- Avoid cognitive overload: Keep in mind that students can only process a limited amount of new information / concepts per lesson.

- Focus on the core  and refer for deeper processing to tutorial material.

- 'How?' rather than 'What?': In the lecture, focus on how students should deal with the subject matter, rather than aiming for completeness.

- Use tight timing: If the pace in class is too slow, students will drop out mentally. Give them just enough time to come up with a reasoning or action plan, but not unnecessary too long time.

- Do not focus on the fastest or the slowest student, provide additional exercises (for the fast students) or extra support (for the slower students).

- Walk around during exercises and ask (anonymous) feedback from students, so that you can estimate the time a little better next time.

- Variety: Your lecture is quite a good mix of interpretation and orientation on the one hand (teaching)  and  activating teaching methods and assignments  on the other.

- Schedule teaching and action moments in advance. Keep in mind that many students' attention weakens after about 15 to 20 minutes. Therefore, alternate activities of about 20 minutes with each other.

- Communicate the structure of your lesson clearly. When students see the bigger picture, they can also place new elements in it more easily.

- Do not give up too quickly if you do not immediately achieve success. Actively teaching is a learning process. Collect feedback from peers or students and adjust your approach accordingly.

Talk to colleagues about work forms you try out - they may have helpful tips or reflections that optimize your approach.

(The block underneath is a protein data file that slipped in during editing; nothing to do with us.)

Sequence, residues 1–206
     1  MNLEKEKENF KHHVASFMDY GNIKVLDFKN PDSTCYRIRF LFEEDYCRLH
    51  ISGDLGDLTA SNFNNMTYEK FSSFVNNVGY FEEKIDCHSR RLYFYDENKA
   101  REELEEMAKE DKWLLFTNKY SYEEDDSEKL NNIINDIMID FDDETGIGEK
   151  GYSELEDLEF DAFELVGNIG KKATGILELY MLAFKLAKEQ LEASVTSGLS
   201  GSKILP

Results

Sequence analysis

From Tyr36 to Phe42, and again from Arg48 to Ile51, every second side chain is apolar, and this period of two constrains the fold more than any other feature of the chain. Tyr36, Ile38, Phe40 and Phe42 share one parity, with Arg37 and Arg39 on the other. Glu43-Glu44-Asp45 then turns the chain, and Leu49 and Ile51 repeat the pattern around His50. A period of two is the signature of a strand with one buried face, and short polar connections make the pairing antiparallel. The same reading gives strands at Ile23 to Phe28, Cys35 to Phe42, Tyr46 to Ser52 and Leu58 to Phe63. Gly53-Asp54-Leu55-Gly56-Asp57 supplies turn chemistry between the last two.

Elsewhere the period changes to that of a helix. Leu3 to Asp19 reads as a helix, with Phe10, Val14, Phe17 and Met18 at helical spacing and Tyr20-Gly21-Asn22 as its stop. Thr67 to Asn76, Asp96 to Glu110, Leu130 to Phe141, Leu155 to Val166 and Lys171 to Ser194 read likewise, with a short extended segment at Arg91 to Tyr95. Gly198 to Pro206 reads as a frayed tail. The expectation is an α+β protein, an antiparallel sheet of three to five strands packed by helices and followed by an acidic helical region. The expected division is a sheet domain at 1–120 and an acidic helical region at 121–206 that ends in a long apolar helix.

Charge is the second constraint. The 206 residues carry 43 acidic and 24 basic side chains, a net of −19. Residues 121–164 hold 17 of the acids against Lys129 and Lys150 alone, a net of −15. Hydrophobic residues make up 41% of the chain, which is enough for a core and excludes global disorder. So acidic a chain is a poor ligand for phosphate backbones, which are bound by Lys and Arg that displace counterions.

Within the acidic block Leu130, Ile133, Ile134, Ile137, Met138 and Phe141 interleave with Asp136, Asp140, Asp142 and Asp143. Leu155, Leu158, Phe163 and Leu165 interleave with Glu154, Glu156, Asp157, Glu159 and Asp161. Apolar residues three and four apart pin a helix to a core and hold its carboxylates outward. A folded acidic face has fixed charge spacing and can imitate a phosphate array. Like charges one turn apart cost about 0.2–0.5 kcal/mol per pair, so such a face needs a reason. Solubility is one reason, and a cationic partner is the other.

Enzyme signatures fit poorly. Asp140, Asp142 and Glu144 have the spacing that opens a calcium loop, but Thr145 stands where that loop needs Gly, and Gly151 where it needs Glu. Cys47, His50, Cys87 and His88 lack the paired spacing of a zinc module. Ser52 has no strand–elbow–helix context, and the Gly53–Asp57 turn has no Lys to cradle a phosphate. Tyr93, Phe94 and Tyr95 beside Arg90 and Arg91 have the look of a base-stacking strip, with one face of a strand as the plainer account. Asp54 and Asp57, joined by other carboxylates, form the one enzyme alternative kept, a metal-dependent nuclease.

Want to KNOW MORE?

- The Centre for Teaching Excellence van de University of Waterloo offers interessant materiaal: lecturing and presenting, alternatives for lecturing, adapting material for classroom delivery, active learning activities, activities for large classes.

- KUleuven guiding materials on teaching method that stimulate active learning

- You can find an inspiring overview of activating teaching methods on the University of Twente website.

- Find out 100 easy-to-implement activities that promote the engagement of online students in deep learning- Read this book

- On the website of Stanford University you will find under 'Speaking of Teaching' information on topics such as class discussion, active learning, the Socratic method, ...

- Utrecht University published the article 'Best practices for stimulating academic education', in which you can gain inspiration for the use of activating teaching methods in your lecture.

- On the McGill University website you will find a brief overview of various working methods.



  • Knight, J.K. & Wood, W.B. (2005). Teaching More by Lecturing Less. Cell Biology Education, 4, 298-310.

Prince, M. (2004). Does Active Learning Work? A Review of the Research. Journal of Engineering Education, 93(3), pp. 223-231.
Ngày 01/08/2021 - 14:37:11